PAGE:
Blog post, Nicaragua, 3-23-2012

Webmaster/ March 30, 2012/ International Loans/ 0 comments

Blog post, Nicaragua, 3-23-2012
Kathy Andersen ‘13


Greetings from Nicaragua! Grace Philipp ’12 and I are in Nicaragua for ten days visiting our international loan partners and investigating new partnerships. It’s a great experience to get to see our partners in person and also to see first-hand the area and the people the loans are affecting.

San Ramón, the center of operations for international partner CPCPV, is our home base. It is a small town half an hour outside of Matagalpa and a little ways up into the mountains. Right now in the dry season it is a dusty place of dormant forest, paver streets, bright houses and pulparias. This town is doing well compared to most but the standard of living is still very poor. Everywhere, though, you’ll see people out talking, kids going to school, friends waving at each other from open doors, a very normal life.

We found that the Centro Promocional Cristiano Por La Paz y La Vida (CPCPV) is a really center of community for the people of San Ramón. We first talked to the General Director of the center, Margarita Sanchez, a spunky lady who told us about the origins of CPCPV. Beginning as the Centro por los Ninos in 1988, a collection of women formed to provide more nutritional food and health counseling to members of the community. Programming expanded from there and now it is a veritable hub and network of community enhancement operations.

Chayito, another community leader and staffer at CPCPV helped us set up our home stay and appointments with loan recipients in the area. Visiting these entrepreneurs with agricultural, sewing, jewelry-making, cooking, and retail ventures made possible by SEG loans reaffirmed for me the importance of what we are trying to accomplish with microfinance. The improvements in livelihood they were able to make for themselves was astounding. All were determined women who grabbed life by the horns and banded together to make these things happen in their lives.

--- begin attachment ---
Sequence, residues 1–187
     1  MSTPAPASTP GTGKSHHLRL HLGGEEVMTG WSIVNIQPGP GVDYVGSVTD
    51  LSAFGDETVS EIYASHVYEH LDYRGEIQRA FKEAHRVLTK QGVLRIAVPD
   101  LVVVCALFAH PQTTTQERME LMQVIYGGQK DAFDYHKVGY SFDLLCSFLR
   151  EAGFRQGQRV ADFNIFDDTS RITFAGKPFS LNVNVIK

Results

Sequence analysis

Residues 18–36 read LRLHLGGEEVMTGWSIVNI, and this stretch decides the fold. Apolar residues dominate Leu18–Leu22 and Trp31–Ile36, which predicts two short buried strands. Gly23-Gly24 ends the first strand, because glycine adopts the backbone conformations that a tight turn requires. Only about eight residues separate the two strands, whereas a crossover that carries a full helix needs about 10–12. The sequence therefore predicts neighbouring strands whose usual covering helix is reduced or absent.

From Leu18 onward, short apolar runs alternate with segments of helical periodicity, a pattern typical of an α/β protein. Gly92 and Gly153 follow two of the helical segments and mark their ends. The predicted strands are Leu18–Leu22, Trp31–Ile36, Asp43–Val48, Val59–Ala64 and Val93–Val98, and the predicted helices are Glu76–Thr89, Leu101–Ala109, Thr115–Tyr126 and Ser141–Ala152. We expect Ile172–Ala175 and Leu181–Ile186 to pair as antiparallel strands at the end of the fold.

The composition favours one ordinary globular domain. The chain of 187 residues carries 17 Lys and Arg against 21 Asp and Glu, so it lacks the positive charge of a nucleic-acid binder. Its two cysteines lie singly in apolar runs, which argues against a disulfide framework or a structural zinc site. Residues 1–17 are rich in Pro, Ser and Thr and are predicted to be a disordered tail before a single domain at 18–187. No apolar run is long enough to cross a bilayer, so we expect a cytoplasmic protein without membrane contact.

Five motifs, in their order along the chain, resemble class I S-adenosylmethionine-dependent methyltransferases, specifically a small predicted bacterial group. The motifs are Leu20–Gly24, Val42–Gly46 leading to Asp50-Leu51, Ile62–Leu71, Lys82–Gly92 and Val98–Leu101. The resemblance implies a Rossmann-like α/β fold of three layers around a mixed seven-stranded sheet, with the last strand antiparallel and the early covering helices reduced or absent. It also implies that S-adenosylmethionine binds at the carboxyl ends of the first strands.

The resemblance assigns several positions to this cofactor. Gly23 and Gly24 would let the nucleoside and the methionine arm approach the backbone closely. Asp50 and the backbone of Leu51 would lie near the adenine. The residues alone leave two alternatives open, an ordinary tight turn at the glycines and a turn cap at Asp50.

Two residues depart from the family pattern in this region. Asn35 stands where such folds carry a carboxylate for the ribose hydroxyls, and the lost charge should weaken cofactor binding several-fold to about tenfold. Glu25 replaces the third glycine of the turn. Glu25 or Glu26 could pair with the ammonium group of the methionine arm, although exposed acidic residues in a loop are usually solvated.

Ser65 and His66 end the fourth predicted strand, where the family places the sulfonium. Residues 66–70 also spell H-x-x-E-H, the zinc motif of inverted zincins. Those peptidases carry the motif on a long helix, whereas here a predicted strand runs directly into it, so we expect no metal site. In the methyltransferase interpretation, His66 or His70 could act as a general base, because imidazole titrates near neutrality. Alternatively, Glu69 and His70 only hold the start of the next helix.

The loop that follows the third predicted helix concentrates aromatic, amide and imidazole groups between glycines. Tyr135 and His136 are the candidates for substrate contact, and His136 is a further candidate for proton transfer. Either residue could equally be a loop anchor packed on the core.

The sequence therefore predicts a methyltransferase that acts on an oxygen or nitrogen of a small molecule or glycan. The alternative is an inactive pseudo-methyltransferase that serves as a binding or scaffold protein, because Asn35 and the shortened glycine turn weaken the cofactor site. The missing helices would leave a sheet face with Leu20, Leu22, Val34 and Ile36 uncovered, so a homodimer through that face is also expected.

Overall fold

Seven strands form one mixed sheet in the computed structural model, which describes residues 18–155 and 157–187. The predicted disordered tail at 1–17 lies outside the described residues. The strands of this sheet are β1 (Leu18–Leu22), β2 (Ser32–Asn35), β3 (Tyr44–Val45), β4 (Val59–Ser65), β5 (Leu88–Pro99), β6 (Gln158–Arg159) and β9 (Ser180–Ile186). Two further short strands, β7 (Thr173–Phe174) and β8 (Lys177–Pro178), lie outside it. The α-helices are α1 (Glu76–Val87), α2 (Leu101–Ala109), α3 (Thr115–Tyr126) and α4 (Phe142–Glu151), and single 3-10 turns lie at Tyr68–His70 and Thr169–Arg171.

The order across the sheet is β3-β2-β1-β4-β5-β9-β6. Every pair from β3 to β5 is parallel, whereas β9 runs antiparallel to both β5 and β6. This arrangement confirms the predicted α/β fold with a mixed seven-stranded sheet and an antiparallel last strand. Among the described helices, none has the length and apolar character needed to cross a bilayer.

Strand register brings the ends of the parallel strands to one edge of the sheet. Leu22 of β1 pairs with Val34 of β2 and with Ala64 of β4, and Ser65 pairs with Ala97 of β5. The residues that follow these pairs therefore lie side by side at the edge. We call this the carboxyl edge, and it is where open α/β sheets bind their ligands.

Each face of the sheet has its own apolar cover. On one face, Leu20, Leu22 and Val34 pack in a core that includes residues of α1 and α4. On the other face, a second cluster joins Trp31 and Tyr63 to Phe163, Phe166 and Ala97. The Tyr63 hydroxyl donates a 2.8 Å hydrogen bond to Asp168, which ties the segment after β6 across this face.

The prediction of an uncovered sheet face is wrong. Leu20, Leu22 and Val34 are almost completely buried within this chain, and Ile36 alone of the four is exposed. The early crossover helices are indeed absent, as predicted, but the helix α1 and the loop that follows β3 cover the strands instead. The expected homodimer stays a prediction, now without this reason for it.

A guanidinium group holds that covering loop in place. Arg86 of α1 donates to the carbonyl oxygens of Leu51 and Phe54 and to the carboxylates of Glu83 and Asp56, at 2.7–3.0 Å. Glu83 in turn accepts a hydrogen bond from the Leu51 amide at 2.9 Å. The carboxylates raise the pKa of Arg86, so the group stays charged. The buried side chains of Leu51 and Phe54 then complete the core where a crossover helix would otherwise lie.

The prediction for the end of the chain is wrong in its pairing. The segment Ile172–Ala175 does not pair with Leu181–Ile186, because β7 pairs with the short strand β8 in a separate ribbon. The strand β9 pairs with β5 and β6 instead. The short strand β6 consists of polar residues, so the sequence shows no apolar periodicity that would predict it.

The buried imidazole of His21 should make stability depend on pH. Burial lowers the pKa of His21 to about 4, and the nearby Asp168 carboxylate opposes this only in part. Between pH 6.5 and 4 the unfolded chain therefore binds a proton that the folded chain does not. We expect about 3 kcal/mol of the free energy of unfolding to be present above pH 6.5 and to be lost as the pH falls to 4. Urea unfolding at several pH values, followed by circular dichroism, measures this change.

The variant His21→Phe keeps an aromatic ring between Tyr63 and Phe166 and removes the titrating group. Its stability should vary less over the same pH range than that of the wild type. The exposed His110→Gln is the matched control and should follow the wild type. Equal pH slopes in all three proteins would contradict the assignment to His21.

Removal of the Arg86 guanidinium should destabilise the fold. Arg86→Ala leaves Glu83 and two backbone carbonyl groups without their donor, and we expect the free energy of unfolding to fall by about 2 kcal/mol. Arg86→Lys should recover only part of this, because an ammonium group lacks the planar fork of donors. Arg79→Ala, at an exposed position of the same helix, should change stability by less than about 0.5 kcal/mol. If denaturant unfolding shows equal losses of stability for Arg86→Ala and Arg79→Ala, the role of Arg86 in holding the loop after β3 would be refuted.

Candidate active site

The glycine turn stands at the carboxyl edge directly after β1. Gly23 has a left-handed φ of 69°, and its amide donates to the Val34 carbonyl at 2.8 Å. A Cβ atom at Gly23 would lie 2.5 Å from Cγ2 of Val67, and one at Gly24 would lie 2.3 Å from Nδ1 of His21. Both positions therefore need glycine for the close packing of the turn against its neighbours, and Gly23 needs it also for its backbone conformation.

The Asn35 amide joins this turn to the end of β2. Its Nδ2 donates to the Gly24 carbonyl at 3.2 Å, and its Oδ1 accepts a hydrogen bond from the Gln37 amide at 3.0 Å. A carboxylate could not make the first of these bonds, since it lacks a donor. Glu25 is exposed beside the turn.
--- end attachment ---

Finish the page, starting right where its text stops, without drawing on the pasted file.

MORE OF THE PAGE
Next, we traveled farther north and farther into the mountains to visit our loan partner Cecosprocaes (Central de Cooperativas de Productores de Cafés Especiales), a cooperative of coffee producers. We met the director, Deylieng Ballarads, who is himself a son of one of the producers in the cooperative. This cooperative, a very democratic decision-making body made up of the producers themselves, can offer much in the way of capacity and facilitation such as access to international markets and certification that give producers a better price for their product and benefit everyone involved. There I tasted coffee from one of the producers in the region of El Cua, a delicious medium roast with very warm tones.

From there we traveled to the other side of Matagalpa and met with Nereyda, a recipient who worked in San Ramon and heard about SEG from a group member interning at the same place. She had noticed a healthy potential for demand from the crowds waiting at the bus stop and used the loan to open a restaurant called Cafétin Ninas Moses. Now her restaurant is filled with people after work and on weekends, and she detailed for us her plans for expansion. I was so happy to get to meet and talk with Nereyda face to face, definitely a woman with great entrepreneurial spirit and business savvy.

Besides our standing loan partners, new opportunities have arisen. When we got to Nicaragua we heard about a prospective loan recipient with whom we met and then whose operations we visited in Laguana. They have already begun work on a tourist location offering many amenities and with a good business plan; I hope we will be able to make another partnership here. Needless to say, it’s been a very informative trip. I’m so glad I get to meet all of these people, hear their stories, and make these personal connections.



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